There are government programs with wordy names that are often shortened to acronyms. This can create confusion, so we will look at the two programs called SSI and SSDI in this blog post, and we will explain the distinctions between them.
The Supplemental Security Income (SSI) program is in place to provide income for people with disabilities who cannot earn much on their own. This is a need-based program. To qualify for SSI, you must be able to prove that you have very limited financial resources.
Since it is a program that is only available to people with financial need, you could lose eligibility if you were to come into some money. This is why you need to take certain steps to preserve benefit eligibility if you want to help out a loved one who is enrolled in the program.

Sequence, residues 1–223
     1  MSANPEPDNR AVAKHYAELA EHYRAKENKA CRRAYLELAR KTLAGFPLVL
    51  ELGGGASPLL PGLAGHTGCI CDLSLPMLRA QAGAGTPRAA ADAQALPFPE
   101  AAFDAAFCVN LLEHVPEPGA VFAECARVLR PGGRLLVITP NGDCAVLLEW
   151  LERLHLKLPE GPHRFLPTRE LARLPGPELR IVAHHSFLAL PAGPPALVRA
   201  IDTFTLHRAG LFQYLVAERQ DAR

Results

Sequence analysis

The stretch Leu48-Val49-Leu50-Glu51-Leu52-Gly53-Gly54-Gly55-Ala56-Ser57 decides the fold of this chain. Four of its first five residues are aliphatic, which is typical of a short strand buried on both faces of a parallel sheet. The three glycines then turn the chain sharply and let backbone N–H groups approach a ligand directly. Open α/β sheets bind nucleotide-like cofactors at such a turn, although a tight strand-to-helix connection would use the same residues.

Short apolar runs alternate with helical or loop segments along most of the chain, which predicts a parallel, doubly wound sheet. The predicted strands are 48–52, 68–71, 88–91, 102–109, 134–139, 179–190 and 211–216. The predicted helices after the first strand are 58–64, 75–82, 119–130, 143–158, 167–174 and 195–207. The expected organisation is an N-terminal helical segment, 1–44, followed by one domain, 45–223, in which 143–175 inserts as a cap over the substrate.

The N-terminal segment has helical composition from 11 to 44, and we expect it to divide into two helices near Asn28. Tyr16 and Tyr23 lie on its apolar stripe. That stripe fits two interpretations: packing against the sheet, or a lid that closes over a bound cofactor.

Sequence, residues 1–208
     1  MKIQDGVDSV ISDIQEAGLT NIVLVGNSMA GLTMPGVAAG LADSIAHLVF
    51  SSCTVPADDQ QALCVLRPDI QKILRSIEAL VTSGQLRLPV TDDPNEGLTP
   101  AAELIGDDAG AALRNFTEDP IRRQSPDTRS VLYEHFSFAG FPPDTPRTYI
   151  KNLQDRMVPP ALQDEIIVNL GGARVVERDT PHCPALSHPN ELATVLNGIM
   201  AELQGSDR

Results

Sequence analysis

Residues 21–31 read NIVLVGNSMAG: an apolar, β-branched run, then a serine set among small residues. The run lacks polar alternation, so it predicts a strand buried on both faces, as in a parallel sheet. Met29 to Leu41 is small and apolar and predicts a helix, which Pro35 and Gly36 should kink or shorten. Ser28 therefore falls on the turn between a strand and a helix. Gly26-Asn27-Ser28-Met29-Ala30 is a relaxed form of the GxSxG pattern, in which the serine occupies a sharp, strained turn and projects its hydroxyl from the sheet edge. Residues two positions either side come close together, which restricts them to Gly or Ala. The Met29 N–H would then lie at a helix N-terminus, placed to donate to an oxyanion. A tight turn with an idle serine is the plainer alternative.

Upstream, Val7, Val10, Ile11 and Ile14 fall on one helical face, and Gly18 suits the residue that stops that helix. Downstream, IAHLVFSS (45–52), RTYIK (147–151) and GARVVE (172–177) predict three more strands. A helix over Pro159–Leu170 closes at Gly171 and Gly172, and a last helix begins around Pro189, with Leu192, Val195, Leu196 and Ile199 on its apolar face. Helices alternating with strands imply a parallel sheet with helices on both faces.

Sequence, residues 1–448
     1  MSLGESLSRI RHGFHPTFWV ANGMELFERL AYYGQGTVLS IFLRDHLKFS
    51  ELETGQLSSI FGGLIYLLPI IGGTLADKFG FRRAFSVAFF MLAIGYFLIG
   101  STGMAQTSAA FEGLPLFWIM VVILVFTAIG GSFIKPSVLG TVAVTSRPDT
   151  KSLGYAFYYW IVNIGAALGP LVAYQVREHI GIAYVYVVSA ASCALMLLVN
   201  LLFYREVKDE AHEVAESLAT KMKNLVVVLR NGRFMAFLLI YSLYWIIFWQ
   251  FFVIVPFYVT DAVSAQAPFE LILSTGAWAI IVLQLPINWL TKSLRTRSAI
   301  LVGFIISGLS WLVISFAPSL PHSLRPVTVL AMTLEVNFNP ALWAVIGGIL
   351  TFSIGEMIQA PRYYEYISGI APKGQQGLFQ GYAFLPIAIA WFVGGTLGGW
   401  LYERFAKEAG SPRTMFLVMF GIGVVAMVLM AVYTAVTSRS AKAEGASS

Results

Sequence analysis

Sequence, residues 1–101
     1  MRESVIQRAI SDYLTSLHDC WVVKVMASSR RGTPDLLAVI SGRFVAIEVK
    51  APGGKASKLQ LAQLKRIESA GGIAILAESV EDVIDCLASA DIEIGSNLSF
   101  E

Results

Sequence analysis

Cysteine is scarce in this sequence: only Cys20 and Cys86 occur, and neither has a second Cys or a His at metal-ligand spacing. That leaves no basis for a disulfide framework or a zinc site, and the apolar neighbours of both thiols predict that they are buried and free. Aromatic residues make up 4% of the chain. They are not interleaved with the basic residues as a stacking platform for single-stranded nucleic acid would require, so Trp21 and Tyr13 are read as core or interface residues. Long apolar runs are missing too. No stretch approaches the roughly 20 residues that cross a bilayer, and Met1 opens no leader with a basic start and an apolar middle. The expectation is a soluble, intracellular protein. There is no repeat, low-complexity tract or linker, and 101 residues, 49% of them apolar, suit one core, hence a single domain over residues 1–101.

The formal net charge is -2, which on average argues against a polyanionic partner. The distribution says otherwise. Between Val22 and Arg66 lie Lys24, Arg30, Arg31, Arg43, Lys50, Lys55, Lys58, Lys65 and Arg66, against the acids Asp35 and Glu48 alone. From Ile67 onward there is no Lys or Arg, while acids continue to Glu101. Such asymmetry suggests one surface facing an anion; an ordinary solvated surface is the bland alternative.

A special needs trust can be established for the benefit of a person with a disability who is enrolled in the SSI program. The trustee could use assets in the trust to improve the beneficiary’s quality of life, but SSI eligibility would not be impacted.
The same thing is true of the Medi-Cal program. This is a need-based health insurance program that many people with disabilities rely upon. When a special needs trust is established, its existence would not impact the beneficiary’s Medi-Cal eligibility status.
There is another government benefit program that people with disabilities often rely upon called Supplemental Security Disability Insurance. When you are working, your payroll taxes go toward this program. If you pay into the program sufficiently throughout your working career, you could qualify for SSDI benefits if you become disabled.
This is not a need-based program. Even if you have resources, you can potentially qualify for Social Security Disability Insurance benefits if you become unable to work due to a disability.
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